Maniacal External Focus

Good leaders of early stage startups are often maniacally focused as they build their initial offerings, acquire their initial customers, and build their companies. While the charismatic leader who is fully engaged is often an important attribute for early success, it is usually critical that the leader know when to evolve their personal role and their personal focus to sustain the company’s ongoing success. Scott Maxwell, OpenView Venture, wrote a great article in which he made the analogy of leaders who mistakenly squander some of their early success by spending too much time watching the dashboard and not enough time watching the road. His point is that keeping an external verses internal focus is critical for leaders of growth stage companies for success.

When I work with companies that are in early growth stages who are seeing success it is sometimes the case that the leaders begin to believe that it is their personal involvement in every facet of the business that has enabled that success and as such they should sustain that involvement. While it may be true that their personal attention to all facets of the business was critical in the early phases, it is important to know when they should evolve their personal focus and begin to empower and trust their teams for the day to day internal operations.

During my morning walk, I came upon the lovely creature featured in the image above flaunting a 4.5″ wingspan and the curiosity of my inner nine year old was sparked to find out more. Inside I quickly was able to identify the moth as a Luna Moth. I learned that the Luna Moth comes from a caterpillar that feeds on black walnut tree bark. The fascinating thing that I learned, however, was that the moth itself does not feed on anything. In fact, the moth lives for about ten days and has a singular purpose during that brief lifespan – to mate in order to sustain the species. The moth has no time for eating or becoming distracted with other things – the Luna Moth is maniacally focused outside itself! The pressure is on, time is ticking by for the moth.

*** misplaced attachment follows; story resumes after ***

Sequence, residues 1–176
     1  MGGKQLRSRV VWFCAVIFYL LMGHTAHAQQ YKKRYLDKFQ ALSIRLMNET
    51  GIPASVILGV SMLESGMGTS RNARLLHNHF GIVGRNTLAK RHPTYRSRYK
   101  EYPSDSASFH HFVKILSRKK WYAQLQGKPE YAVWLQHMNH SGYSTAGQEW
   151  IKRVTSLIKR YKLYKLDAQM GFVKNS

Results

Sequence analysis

The pressure is on for leaders who are transitioning their companies from early startups to growth stage companies as well – the clocks are ticking for these leaders to make wise choices as they prioritize their own personal time and focus. Navigating the company at this phase often means the leader must recognize that it is time to give their teams the opportunity to run the operations while they redirect their energy and focus externally. Leaders who make the transition to early stage growth are typically the ones who maniacally focus on:

– Understanding the characteristics of their best customers;
– Recognizing opportunities to better serve those customers through refining their offers;
– Knowing the competition and maintaining a healthy paranoia with respect to the competitor’s ability to outpace them.

All of these items are externally focused. Like the Luna Moth, they are not prioritizing the internal machine over external focus. Like the Luna Moth, they know the importance of the external focus for the broader future of the company (in the moth’s case it is focus on the species survival of course). And unlike the mysterious rules of nature for the moth, they will hopefully be rewarded for this external focus by making their company viable for the future – well beyond just a ten day timeframe!

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